Marissa Alexander Gets New Trial

9960065315_ec52c041c3A Florida woman currently serving 20 years in prison for firing a shot in the vicinity of her abusive husband will get a new trial–but she can’t claim protection under the state’s infamous “stand your ground” law, an appeals court ruled Thursday.

No one was hurt in the incident, but mandatory sentencing laws required Marissa Alexander to spend 20 years in prison after she was convicted of aggravated assault with a deadly weapon.

Alexander said she fired a warning shot into the ceiling in 2010 because she feared her estranged husband, Rico Gray, would kill her. The 1st District Court of Appeal threw out her claim of self-defense under the “stand your ground” law, which “generally removes people’s duty to retreat in the face of possible danger and allows them to use of deadly force if they believe their lives are in danger,” wrote the Huffington Post.

As Slate reports, Alexander says her husband “assaulted me, shoving, strangling and holding me against my will, preventing me from fleeing, all while I begged for him to leave.” The court said she could have left the house to escape Gray, but instead grabbed the gun from her car and went back inside.

Gray, who maintains his wife was the aggressor, had been arrested twice for domestic battery, but in 2006 the charges were dropped and in 2009 he was put on probation.

Critics argue the Florida justice system is skewed against black defendants. Some cite what they see as an inconsistent application of the “stand your ground” law, which had an effect on the acquittal of George Zimmerman in the killing of Trayvon Martin. Others note that blacks are sentenced to longer prison stays because of mandatory minimum sentences and overzealous prosecutors.

So George Zimmerman went free and Marissa Alexander got 20 years. Hopefully a new trial will bring about a much more fair verdict.

Photo of Marissa Alexander from Flickr user Abayomi Azikiwe under license from Creative Commons 2.0.

 

ME EMILYEmily Zak is finishing up her B.A. in journalism from the University of Montana as an editorial intern for Ms.

 

Comments

  1. Naomi Oliviae says:

    And, yet, this man also got 20 years in Missouri recently.

    http://www.cnn.com/2013/09/11/justice/missouri-sex-slave-sentence/?iref=obnetwork

  2. Kathryn brown says:

    She should be set free right now don’t spend anymore tax money to free someone who did nothing wrong

  3. I can’t believe the appeals court threw out her self-defense when her husband has a record of domestic battery. I am so sick of courts revictimizing domestic violence survivors. This woman did the right thing and should be protected under the Stand Your Ground Law. I would love to know what the Appeals Court feels is a justifiable reason for denying that defense. If Zimmerman can use it for being the aggressor and killing someone, because of his account of how things played out. Why shouldn’t Ms. Alexander be afforded the same opportunity?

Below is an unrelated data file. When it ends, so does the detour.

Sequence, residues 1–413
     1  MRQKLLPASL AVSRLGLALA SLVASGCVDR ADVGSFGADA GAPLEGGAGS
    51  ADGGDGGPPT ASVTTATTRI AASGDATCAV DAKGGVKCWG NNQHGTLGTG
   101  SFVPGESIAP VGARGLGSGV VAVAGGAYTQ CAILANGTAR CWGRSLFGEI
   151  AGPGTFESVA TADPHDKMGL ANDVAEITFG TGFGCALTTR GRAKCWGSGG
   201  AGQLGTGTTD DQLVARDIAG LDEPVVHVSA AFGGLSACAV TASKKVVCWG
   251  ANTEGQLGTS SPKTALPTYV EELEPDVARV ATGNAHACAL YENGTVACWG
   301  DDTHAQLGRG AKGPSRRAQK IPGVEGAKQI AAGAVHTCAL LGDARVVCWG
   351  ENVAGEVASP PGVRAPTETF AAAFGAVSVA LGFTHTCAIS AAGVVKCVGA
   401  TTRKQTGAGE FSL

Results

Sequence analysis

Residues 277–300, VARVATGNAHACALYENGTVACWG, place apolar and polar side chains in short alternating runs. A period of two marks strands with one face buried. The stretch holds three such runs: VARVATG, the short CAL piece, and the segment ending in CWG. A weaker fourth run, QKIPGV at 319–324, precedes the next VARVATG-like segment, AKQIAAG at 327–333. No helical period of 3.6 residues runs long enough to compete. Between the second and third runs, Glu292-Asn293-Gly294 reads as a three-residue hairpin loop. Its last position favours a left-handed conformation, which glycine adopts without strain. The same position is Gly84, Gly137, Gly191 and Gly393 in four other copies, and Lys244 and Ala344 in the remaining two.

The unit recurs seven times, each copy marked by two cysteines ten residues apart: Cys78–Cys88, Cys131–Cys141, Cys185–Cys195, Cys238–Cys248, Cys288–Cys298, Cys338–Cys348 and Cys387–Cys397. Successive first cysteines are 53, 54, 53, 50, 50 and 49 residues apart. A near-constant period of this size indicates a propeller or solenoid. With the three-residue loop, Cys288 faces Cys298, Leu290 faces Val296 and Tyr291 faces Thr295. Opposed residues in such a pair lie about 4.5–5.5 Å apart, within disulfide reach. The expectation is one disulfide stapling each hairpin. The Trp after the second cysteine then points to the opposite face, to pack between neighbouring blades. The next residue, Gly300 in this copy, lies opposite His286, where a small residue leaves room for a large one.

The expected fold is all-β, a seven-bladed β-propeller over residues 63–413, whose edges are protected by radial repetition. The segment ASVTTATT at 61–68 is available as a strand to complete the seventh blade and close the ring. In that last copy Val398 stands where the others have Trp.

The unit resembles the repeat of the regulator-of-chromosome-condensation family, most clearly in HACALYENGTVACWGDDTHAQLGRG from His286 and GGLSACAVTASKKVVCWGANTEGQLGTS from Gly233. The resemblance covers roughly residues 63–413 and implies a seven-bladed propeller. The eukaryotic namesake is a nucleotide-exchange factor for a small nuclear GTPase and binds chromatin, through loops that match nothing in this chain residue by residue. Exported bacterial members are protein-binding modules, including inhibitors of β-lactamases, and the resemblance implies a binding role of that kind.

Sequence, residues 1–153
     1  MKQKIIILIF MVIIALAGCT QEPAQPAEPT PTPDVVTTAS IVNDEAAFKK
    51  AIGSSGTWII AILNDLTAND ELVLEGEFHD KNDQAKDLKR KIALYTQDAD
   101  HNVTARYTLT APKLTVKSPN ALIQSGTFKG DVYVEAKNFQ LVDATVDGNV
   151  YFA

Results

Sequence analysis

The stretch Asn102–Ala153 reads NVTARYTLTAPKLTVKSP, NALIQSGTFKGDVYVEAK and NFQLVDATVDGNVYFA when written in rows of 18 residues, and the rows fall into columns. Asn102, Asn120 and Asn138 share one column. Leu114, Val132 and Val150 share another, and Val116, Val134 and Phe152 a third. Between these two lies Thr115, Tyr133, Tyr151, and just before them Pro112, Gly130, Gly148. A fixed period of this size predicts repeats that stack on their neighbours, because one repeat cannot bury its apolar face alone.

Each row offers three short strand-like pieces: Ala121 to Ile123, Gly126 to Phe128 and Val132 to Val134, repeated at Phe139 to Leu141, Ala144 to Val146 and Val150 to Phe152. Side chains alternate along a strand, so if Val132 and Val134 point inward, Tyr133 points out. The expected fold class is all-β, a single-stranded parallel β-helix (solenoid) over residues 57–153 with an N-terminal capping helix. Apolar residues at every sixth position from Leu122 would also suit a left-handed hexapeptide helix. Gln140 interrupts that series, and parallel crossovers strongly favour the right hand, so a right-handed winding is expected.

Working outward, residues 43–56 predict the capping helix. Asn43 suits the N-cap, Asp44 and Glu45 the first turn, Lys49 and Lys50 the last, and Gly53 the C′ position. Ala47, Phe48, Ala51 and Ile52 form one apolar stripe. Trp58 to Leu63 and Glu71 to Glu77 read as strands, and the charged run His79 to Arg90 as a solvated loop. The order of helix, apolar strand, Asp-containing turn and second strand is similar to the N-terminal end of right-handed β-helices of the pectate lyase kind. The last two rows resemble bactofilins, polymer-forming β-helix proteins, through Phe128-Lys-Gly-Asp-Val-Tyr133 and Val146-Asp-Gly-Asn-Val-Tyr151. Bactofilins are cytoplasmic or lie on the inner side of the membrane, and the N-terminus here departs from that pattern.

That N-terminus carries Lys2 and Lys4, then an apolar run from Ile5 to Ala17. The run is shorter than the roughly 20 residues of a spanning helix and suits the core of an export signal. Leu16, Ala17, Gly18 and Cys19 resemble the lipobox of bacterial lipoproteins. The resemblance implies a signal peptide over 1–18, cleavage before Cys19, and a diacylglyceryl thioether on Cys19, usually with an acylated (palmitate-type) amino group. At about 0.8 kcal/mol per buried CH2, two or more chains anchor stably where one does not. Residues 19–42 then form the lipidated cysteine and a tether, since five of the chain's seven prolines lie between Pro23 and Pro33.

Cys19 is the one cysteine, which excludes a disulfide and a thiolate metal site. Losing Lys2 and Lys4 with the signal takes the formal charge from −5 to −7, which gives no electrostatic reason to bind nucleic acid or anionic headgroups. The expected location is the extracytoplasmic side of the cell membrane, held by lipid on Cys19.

4. Thanks for this summary, Emily!

  5. Sorry but this will not work this time. This woman shot at her ex husband with his 12 YR OLD CHILD STANDING NEXT TO HIM. Fortunately another black male with a online talk show had Rico Gray (her ex husband) that actually DOCUMENTS her actions that day and other times as well showing she was no victim. If you want the truth look up the interview link below or google ” Rico Gray interview with the Blackchannel.net”. The jigg is up ms magazine. Nice try….

  6. Unbelievable laws in Florida! Talk about seeing the world thru the eyes of men and ignoring a woman’s perspective.

  7. I just read the appellate opinion—–um, the facts of every article i read about her so are greatly skewed and misrepresentative of what happened…she shouldn’t have gotten stand your ground (like GZ shouldn’t have had). Do people agree with Stand Your Ground laws now that reading about this woman?

    I think the “inconsistency” is really just a jury question. Juries of 100% different people with 100% different facts may, at times, reach different verdicts. This is our justice system and I don’t think this highlights a bias or bad law, but rather is a reality of the system. To say otherwise is to say that judges should sit at judge AND jury, that our constitutional guarantee of trial by jury should be forgotten and that when public opinion based on 6 paragraph summaries reaches a fever point, the State should bow to public opinion.

    Any thoughts?

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